Saturday, May 30, 2015

In Defense of a Liberal Education by Fareed Zalkaria

Some takeaways from this excellently written and persuasive book...

We are drowning in information, while starving for wisdom. The world henceforth will be run by synthesizers, people able to put together the right information at the right time, think critically about it, and make important choices wisely. 
E. O. Wilson
But for me, the central virtue a very liberal education is that it teaches you how to write, and writing makes you think. Whatever you do in life, the ability to write clearly, cleanly, and reasonably quickly will prove to be an invaluable skill. No matter who you are – – a politician, a business person, a lawyer, a historian, or a novelist – writing forces you to make choices and brings clarity and order to your ideas.  
The second great advantage of a liberal education is that it teaches you how to speak. This involves writing, of course, but also the ability to give compelling verbal explanations of, say, scientific experiments or to deliver presentations before small and large groups. At the deepest level, articulate communication helps you to speak your mind.  
The third great strength of a liberal education: it teaches you how to learn. I learned how to read an essay closely, search for new sources, find data to prove or disprove a hypothesis, and detect an author's prejudices. I learned how to read a book fast and still get its essence. I learned to ask questions, present an opposing view, take notes, and, nowadays watch speeches, lectures, and interviews as they stream across my computer.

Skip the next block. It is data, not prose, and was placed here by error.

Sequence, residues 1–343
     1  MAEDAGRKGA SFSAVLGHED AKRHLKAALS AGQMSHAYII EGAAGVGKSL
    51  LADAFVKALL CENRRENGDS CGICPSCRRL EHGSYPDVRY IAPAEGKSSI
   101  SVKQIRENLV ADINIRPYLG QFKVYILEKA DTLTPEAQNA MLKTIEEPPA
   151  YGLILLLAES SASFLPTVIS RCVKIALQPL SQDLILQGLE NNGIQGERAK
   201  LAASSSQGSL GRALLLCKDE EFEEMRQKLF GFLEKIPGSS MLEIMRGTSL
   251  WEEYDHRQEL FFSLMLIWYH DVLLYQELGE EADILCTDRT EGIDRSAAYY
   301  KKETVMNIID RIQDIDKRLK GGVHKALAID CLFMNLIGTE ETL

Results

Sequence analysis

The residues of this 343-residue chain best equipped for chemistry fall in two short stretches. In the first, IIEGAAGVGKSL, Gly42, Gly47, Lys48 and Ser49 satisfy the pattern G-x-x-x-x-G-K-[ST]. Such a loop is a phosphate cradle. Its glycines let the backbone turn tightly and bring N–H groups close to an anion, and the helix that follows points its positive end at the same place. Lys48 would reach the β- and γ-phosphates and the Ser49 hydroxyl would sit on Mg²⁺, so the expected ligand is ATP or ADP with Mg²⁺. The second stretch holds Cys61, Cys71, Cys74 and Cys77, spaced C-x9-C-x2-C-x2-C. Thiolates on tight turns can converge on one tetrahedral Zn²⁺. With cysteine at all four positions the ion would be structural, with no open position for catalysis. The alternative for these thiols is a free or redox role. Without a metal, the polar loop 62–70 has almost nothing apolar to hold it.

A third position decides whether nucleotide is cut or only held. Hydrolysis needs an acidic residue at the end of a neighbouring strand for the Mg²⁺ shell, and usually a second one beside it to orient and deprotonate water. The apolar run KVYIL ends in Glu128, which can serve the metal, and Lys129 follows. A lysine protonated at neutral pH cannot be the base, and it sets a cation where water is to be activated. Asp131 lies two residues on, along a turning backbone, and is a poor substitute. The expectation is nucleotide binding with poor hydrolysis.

Edgar Bronfman, former CEO of Seagram Company, has offered students looking to succeed in business one piece of advice: “get a liberal arts degree. In my experience, a liberal arts degree is the most important factor informing individuals into interesting and interested people who can determine their own past through future. For all of the decisions young business leaders will be asked to make based on facts and figures, needs and wants, numbers and speculation, all of those choices will require one common skill: how to evaluate raw information, be it from people or a spreadsheet, and make reasoned and critical decisions. 
The crucial challenge is to learn how to read critically, analyze data, and formulate ideas – – and most of all to enjoy the intellectual adventure enough to be able to do them easily and often.

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